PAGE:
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Alzheimer’s Panelists Point To Progress In Diagnosis, Treatment Comments Come During Forum at University of Kansas Medical Center

Panelists at Alzheimer's forum Dr. Jeffrey Burns, far right, spoke about work at the University of Kansas Alzheimer's Disease Center at a public forum on the KU Med campus Monday. Other panelists included representatives of community organizations. Seated with Burns were Dr. Russell Swerdlow, director of the Alzheimer's center, and Linda Elam, a deputy assistant secretary with the U.S. Department of Health and Human Services. (Photo: Mike Sherry | Flatland)
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2 minute read

Two University of Kansas Medical Center researchers at the forefront of national efforts to treat Alzheimer’s disease said scientists are making strides toward reducing the prevalence of a condition that affects as many as 5.1 million Americans.

Key aims include early detection and halting the progression of the disease, said Dr. Jeffrey Burns, a leader of the KU Alzheimer’s Disease Center (KUADC).

“We think that day is coming,” said Burns, who spoke at a public forum on the KU Med campus Monday in Kansas City, Kansas. The KUADC co-sponsored the event with the U.S. Department of Health and Human Services (HHS).

The KU Alzheimer’s Disease Center is one of 29 federally designated centers, through the National Institute on Aging.

Burns and Dr. Russell Swerdlow, the director of the center, outlined some of the research at the center, which includes studies on how exercise can prevent or delay the onset of Alzheimer’s.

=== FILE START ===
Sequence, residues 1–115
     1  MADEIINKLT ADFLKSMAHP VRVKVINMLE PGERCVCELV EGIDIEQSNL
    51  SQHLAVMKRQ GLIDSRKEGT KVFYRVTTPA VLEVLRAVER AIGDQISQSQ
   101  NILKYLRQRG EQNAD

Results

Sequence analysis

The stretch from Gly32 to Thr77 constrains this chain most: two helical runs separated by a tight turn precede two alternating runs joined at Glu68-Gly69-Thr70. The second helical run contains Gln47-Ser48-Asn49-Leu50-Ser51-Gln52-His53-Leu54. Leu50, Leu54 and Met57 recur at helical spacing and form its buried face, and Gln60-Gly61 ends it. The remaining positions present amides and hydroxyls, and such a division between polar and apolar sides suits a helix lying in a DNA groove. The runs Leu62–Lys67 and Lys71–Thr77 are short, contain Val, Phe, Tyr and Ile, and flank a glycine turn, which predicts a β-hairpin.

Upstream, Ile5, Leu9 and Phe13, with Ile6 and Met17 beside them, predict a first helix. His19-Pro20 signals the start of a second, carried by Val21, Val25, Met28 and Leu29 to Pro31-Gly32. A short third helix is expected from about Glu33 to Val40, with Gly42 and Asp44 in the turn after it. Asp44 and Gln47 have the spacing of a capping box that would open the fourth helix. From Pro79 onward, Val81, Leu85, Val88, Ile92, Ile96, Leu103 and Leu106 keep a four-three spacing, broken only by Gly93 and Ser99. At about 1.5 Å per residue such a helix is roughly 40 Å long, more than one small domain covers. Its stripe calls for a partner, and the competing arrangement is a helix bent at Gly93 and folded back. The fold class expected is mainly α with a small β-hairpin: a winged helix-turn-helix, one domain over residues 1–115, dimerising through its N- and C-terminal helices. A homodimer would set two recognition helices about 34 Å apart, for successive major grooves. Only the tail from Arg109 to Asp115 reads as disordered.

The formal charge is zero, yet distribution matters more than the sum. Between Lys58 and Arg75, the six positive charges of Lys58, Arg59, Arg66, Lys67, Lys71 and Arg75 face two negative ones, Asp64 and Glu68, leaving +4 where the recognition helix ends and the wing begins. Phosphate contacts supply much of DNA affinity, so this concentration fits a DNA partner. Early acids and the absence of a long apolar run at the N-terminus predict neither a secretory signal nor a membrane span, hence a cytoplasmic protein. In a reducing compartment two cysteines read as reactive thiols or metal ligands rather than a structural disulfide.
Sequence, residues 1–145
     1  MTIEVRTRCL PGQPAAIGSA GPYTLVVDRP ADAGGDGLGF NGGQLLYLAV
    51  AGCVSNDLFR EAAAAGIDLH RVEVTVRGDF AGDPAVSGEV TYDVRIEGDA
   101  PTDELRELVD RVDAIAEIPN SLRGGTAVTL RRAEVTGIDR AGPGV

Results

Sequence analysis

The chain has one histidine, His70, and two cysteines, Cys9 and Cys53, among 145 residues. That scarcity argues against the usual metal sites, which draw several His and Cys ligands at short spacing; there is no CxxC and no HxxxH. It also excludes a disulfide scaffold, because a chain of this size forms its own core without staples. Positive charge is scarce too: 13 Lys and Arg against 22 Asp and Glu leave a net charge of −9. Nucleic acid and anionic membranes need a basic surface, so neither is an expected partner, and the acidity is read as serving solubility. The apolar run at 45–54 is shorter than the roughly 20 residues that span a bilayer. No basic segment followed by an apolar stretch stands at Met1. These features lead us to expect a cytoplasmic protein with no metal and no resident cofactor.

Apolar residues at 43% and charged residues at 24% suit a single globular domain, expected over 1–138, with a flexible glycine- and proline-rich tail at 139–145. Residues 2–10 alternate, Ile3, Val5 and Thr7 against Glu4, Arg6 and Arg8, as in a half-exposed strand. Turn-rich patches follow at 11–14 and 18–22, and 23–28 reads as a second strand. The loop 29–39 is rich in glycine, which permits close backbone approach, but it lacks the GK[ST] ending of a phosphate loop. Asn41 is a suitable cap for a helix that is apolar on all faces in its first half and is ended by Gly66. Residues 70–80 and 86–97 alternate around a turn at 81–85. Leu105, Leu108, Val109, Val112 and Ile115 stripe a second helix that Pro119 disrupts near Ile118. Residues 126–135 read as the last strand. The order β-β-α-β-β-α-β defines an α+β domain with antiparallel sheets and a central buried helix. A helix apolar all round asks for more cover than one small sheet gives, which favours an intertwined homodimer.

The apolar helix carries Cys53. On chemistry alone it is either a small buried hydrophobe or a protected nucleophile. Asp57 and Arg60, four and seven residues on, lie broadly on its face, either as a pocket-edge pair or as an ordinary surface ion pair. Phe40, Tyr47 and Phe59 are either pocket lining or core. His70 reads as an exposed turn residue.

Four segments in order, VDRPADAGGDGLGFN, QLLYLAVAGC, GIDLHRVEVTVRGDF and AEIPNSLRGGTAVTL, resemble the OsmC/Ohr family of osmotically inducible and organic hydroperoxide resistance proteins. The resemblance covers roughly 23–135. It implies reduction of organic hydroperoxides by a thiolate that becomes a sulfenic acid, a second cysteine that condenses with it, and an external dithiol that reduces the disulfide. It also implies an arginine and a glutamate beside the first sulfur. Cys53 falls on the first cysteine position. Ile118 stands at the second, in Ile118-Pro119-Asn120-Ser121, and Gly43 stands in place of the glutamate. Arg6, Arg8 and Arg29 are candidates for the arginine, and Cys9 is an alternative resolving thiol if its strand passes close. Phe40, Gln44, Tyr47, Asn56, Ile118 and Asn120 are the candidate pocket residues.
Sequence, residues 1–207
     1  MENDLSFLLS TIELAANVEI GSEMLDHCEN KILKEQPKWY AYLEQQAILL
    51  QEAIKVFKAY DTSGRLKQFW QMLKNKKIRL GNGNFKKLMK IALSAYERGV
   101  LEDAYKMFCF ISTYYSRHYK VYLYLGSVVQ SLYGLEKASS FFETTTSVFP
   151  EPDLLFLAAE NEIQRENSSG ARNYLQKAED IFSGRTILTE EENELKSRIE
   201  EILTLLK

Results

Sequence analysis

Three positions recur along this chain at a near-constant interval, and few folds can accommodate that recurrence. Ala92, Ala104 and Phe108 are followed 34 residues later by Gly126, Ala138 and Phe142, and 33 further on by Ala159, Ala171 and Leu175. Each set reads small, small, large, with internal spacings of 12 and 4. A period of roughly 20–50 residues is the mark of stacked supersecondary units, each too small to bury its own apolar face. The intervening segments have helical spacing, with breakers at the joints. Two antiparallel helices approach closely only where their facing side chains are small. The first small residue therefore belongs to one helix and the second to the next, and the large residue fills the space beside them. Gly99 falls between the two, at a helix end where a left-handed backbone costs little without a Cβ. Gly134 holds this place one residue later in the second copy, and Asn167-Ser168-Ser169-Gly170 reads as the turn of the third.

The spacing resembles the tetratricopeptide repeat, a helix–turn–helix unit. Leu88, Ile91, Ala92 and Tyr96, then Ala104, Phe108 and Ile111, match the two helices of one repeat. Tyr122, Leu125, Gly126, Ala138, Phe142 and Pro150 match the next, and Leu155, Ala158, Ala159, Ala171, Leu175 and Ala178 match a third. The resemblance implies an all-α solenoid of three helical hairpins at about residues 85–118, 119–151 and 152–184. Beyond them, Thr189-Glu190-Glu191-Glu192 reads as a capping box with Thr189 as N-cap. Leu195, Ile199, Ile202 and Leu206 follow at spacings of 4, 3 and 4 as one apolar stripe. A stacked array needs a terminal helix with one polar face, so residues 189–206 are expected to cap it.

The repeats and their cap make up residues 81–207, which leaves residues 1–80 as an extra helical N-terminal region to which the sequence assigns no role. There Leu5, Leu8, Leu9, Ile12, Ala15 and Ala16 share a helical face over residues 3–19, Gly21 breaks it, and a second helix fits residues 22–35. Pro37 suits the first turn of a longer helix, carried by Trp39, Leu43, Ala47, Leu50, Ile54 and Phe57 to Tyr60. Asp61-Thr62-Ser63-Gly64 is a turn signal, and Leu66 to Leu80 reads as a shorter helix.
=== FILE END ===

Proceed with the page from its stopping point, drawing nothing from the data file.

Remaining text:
Some data suggest 75 minutes of moderate aerobic exercise a week can have a positive effect, Burns said.

Alzheimer’s researchers, he said, now have a diagnostic method in which a dye injected into the body can highlight the buildup in the brain of a protein linked to Alzheimer’s before any outward symptoms appear.

Swerdlow is researching the link between brain energy metabolism and Alzheimer’s. He’s also experimenting with stem cells in animal models to stimulate growth of brain cells.

The forum also featured a number of other panelists, including representatives from local service and advocacy organizations.

Other panelists suggested the need for greater focus on people with developmental disabilities and the need for innovative ways to assist people with Alzheimer’s disease and their families – such as establishing day programs for people not yet suffering from advanced forms of the disease.

Linda Elam, a deputy assistant secretary with HHS, said the U.S. health care bill for Alzheimer’s and related dementias is about $109 billion a year. In addition, she said, family caregivers collectively miss out on about $50 billion in wages because of their responsibilities.

“Even given that dismal background, we have reason to hope,” she said.

Elam pointed to the National Plan to Address Alzheimer’s Disease, established nearly five years ago with the enactment of the National Alzheimer’s Project Act. The aim of the plan is to:

  • Coordinate Alzheimer’s disease research and services across all federal agencies.
  • Accelerate the development of treatments that would prevent, halt or reverse the course of Alzheimer’s disease.
  • Improve early diagnosis and coordination of care and treatment of Alzheimer’s disease.
  • Decrease disparities in Alzheimer’s disease for ethnic and racial minority populations that are at higher risk for the condition.
  • Coordinate with international bodies to fight Alzheimer’s disease globally.

The goal is to find a way to prevent and effectively treat Alzheimer’s by 2025.

“Will we make it by 2025? I’m not sure,” Elam said. “But we are driving very hard toward it.”

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